After much ballyhoo, the Hyundai Ioniq 5 EV has landed, and it does so in rare form.
Well, in the simplest of terms, it’s the fact that even in production form (available across four trims: Essential, $44,999; Preferred, $46,999; Preferred Long Range, $51,999; Preferred AWD Long Range, $54,999 – that means every trim qualifies for federal EV incentives) it looks like a concept car. The “Parametric Pixel Lamp” headlights and taillights are the first detail to really catch one’s eyes – especially the taillights, which thanks to their gridded look, appear like a cross between something super futuristic and something that was supposed to look futuristic, like the DeLorean time machine from the Back to the Future series. Hyundai says that some of the “Parametric Dynamics” design language used here turns to the Pony – yes, that one — concept car of the ‘70s for some of its flare. You can see it in the taillights, the strakes on the lower doors and you could even make an argument for the aerodynamic-design wheels.
Then, it does an about-face and goes back to the future, if you will, with edgy folds on the doors, the spiralling creases ‘round the wheelwells, flush-mounted door handles and the angular wing mirror housings. Not to mention the spectacular Shooting-Star paintwork seen here which shines even on an unseasonably grey SoCal day. The overall look is squat and wide, and it can be had with either rear-wheel-drive (RWD) or all-wheel-drive (AWD), helping it walk the line between compact hatch and crossover. It does, however, have a longer wheelbase than the Palisade SUV since they’ve pushed the Ioniq’s wheels as far to the corners as possible for less wheelarch intrusion, and more room inside.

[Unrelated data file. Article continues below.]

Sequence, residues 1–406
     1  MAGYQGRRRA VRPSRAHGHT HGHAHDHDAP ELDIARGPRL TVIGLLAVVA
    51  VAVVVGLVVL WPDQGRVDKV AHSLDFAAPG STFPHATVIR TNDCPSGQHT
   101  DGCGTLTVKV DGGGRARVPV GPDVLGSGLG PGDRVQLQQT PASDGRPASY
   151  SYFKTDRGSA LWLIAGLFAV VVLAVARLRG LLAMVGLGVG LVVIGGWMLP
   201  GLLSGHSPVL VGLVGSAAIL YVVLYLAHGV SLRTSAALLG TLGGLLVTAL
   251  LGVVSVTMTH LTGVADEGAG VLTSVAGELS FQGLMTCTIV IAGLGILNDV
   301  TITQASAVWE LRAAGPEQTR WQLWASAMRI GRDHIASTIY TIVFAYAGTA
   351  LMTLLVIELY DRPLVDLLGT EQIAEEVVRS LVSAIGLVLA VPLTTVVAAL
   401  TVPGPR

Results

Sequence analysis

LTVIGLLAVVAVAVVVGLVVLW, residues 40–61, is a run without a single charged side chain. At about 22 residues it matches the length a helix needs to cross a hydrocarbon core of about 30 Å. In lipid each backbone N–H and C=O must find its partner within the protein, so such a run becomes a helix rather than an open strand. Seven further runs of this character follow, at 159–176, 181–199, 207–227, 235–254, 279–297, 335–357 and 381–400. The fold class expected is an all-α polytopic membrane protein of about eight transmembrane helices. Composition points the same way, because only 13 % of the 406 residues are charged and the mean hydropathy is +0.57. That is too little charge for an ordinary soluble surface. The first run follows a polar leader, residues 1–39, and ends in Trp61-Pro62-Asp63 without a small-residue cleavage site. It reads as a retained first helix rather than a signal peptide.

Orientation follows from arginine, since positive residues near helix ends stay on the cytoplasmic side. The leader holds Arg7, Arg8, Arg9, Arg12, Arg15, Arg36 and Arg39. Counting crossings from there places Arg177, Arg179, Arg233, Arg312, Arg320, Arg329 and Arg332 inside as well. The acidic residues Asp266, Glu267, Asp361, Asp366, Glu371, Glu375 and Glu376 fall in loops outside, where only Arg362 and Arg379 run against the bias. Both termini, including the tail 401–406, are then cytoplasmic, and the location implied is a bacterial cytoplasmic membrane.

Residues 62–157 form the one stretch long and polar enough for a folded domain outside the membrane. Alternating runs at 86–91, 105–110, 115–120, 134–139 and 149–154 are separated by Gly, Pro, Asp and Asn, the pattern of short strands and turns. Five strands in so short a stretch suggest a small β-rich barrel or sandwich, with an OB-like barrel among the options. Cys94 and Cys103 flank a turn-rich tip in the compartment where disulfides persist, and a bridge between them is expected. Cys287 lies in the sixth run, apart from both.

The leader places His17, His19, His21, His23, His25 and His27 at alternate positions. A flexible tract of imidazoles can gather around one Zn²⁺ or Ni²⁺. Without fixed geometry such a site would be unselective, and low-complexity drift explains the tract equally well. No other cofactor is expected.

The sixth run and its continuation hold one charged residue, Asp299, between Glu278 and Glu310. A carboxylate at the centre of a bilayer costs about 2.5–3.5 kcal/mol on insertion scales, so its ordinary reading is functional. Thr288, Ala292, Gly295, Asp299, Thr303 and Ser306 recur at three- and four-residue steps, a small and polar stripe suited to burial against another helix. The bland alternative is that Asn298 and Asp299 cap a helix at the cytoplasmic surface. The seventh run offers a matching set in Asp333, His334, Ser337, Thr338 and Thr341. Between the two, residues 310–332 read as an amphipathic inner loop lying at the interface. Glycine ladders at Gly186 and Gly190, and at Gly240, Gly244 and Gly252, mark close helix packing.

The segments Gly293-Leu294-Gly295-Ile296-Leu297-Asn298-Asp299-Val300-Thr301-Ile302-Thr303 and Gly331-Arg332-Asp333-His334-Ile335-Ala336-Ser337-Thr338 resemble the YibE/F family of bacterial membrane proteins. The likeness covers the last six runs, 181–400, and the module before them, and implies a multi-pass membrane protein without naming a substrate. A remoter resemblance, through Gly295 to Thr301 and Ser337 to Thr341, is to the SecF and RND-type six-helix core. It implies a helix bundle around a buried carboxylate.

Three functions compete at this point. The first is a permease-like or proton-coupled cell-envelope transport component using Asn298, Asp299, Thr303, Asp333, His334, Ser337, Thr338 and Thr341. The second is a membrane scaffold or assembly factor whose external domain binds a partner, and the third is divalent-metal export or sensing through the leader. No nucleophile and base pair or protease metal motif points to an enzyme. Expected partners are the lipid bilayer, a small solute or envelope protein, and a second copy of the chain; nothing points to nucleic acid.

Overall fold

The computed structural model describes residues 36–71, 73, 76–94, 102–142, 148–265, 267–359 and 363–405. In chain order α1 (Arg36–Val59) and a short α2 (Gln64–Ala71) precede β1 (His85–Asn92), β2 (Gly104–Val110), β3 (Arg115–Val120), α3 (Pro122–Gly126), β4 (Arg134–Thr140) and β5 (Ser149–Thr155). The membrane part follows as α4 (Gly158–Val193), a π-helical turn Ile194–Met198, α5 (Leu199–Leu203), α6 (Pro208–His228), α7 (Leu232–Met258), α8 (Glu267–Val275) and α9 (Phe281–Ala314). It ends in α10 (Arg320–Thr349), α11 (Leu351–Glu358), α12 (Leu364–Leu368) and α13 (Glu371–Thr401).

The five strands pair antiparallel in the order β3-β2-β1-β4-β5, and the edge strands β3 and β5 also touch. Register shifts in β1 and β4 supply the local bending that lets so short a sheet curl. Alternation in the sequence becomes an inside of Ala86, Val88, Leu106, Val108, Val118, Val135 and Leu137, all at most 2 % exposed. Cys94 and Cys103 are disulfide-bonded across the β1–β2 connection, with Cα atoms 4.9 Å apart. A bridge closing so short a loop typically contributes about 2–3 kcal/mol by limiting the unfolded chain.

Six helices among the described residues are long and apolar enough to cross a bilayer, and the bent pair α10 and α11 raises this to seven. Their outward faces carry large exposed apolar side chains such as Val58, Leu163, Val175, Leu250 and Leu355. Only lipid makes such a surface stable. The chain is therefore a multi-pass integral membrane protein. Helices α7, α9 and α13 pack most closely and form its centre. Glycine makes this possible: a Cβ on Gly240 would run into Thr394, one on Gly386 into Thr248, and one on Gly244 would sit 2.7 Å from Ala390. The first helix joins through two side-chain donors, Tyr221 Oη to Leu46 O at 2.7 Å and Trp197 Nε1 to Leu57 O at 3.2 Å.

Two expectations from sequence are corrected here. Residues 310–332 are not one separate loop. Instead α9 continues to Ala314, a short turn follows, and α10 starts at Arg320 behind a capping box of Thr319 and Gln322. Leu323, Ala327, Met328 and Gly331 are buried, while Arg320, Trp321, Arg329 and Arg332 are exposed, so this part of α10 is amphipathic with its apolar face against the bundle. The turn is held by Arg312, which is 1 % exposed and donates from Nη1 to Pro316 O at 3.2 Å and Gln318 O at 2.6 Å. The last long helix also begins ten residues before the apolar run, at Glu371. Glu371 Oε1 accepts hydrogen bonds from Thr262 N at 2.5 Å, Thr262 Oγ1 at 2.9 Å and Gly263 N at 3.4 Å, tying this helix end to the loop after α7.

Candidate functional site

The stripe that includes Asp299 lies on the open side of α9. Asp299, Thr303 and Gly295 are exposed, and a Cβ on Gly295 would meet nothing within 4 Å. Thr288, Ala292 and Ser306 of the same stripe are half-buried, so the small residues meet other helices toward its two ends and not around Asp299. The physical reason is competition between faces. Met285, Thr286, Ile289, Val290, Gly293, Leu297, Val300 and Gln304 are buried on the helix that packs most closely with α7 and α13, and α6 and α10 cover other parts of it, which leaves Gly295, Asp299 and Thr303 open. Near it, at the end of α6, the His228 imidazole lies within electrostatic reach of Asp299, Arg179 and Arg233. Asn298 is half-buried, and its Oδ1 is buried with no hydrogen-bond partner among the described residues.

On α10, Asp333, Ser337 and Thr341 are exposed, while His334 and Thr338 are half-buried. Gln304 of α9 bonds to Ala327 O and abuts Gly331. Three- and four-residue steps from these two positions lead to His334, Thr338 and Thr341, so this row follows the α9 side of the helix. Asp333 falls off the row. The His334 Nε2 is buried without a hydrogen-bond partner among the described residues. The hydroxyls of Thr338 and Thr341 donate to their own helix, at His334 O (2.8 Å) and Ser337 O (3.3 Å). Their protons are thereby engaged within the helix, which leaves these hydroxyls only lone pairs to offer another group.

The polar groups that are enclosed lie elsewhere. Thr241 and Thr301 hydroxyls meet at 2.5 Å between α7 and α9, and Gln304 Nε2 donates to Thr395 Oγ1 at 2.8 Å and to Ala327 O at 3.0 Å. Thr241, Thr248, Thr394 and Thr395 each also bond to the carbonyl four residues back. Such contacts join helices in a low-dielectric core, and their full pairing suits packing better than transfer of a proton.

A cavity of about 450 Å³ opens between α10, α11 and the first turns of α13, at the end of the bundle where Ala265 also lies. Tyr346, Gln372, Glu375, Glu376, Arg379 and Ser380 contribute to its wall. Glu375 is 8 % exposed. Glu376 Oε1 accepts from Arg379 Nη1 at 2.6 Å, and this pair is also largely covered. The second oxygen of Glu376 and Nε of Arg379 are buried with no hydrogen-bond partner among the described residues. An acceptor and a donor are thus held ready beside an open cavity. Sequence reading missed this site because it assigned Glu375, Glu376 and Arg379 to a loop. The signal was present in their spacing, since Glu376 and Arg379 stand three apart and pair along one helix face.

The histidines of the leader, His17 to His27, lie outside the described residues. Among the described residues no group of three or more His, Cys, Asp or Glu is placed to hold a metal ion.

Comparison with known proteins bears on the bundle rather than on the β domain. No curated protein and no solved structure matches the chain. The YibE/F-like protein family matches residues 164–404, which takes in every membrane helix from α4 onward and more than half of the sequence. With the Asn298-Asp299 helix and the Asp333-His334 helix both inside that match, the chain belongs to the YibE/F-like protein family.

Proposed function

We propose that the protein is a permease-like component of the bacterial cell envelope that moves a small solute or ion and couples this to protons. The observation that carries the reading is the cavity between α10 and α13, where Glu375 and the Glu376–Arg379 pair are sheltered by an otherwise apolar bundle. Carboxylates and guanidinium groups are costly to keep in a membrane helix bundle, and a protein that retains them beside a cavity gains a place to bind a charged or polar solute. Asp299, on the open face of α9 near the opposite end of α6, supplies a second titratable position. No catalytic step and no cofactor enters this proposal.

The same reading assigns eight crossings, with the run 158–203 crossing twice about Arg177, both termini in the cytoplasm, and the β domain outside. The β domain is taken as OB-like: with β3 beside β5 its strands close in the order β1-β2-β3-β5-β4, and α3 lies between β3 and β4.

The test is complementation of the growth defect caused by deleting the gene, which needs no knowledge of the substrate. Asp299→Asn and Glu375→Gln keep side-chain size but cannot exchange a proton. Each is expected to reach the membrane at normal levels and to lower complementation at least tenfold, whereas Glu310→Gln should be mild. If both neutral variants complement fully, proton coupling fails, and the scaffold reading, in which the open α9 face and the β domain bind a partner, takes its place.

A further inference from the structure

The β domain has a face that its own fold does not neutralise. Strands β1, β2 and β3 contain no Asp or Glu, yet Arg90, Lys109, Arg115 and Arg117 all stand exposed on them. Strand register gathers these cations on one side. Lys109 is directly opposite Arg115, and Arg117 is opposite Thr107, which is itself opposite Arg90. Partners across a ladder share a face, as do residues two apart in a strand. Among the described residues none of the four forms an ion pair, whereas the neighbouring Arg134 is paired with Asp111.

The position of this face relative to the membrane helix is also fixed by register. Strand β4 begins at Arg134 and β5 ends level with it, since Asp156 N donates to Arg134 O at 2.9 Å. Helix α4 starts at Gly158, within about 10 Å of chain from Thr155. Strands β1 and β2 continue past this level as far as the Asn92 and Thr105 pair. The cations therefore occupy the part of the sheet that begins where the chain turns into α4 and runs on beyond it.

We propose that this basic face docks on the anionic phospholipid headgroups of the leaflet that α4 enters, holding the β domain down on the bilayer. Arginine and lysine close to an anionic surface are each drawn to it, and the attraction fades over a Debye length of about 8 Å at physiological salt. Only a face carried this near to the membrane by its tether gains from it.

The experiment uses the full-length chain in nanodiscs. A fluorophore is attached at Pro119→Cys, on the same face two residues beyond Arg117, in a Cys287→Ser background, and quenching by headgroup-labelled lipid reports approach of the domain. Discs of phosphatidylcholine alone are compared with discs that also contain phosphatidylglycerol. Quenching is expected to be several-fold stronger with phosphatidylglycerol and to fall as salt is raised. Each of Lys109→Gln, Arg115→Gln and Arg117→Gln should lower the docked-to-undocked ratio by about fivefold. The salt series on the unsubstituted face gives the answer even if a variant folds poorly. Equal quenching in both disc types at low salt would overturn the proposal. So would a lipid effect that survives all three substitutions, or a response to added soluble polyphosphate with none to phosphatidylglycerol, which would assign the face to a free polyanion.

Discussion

So much room inside, that Hyundai is loath to categorize it. Technically, it’s about the same size as a Tucson, but since you can slide the centre console fore and aft, and tilt the rear seatbacks and so on, more room can be freed up. All I know is that after spending time in both the front and rear seats, roominess isn’t a problem.